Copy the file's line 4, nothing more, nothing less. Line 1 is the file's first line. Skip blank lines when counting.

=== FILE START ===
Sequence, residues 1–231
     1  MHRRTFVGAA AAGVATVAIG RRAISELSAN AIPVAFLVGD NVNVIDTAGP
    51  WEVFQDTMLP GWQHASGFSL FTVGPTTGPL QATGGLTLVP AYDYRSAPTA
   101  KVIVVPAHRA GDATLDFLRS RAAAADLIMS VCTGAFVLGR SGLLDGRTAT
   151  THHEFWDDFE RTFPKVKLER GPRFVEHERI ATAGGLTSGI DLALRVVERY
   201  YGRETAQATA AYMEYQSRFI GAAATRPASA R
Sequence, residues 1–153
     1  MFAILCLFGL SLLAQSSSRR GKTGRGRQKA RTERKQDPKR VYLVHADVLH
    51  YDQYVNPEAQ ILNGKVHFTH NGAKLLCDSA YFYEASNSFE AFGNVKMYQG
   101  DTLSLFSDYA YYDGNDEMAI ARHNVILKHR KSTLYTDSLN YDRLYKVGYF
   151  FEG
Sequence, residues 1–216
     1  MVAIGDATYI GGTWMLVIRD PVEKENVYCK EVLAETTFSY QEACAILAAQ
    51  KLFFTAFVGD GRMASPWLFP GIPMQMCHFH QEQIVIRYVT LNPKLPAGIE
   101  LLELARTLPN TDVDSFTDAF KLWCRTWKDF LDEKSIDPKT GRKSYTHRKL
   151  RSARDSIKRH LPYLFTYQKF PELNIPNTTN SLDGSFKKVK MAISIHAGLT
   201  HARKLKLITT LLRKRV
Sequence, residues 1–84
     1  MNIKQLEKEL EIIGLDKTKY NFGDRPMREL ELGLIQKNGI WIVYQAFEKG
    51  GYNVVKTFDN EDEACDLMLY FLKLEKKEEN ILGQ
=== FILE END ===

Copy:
   101  KVIVVPAHRA GDATLDFLRS RAAAADLIMS VCTGAFVLGR SGLLDGRTAT